Church is a familiar name in the world of gene technologies. He’s a professor of health sciences and technology at Harvard University and the Massachusetts Institute of Technology. He’s served as Director of the U.S Department of Energy Center on Bioenergy at Harvard and MIT. His numerous awards and accolades have earned him interviews in many prestigious magazines and newspapers, and even a conversation with Stephen Colbert on The Colbert Report.

But, of all the technologies Church has witnessed, CRISPR-Cas9 and gene drives are a couple he finds most exciting. He says this gene technology opens doors for genetic engineering that were previously shut and sealed.

In the fight against mosquito-borne diseases, “vaccines have failed, drugs against the pathogen have failed, and pesticides against the insect vector have failed,” Church said. “In those cases, the core advantage [to gene drives] is that gene drives are inexpensive and extraordinarily specific. Unlike vaccines for humans or immune processes in animals, where we have to deliver each on a case-by-case basis, [gene drives] automatically spread very quickly and they deliver a package.”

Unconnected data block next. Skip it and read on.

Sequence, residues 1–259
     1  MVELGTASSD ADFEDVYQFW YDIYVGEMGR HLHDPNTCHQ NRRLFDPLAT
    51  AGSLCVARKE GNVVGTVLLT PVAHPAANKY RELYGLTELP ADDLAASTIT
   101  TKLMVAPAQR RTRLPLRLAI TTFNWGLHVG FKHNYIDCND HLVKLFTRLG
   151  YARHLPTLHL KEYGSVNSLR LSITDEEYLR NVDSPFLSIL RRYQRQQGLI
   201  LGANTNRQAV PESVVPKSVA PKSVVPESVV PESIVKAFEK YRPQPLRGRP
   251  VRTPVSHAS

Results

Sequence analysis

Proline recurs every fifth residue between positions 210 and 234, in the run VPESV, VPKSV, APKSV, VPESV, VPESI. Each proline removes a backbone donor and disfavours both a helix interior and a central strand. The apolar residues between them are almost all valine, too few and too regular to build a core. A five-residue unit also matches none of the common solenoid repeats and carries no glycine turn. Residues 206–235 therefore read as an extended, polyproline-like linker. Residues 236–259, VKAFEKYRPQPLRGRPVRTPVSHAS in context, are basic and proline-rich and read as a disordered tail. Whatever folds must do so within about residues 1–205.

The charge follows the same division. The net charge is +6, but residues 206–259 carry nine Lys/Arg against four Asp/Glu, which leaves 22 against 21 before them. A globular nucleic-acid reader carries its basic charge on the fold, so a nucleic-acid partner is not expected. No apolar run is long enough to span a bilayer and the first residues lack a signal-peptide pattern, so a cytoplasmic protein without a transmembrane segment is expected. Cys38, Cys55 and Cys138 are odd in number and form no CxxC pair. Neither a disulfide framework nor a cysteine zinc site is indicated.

That package is the resistance or suppression drive that spreads throughout a species, transforming a mosquito population.

While there are still pros and cons that, at this time, are impossible to know, gene technology is growing both in possibility and in legitimacy. Some day soon, genetic engineering might be one of the strongest weapons we have against the power of mosquito-borne diseases.

“There are people who argue there might be unknown consequences” with genetically modifying mosquitoes, James said. “Yes, but we certainly know one of the known consequences: we wouldn’t have malaria, yellow fever or chikungunya in specific areas.”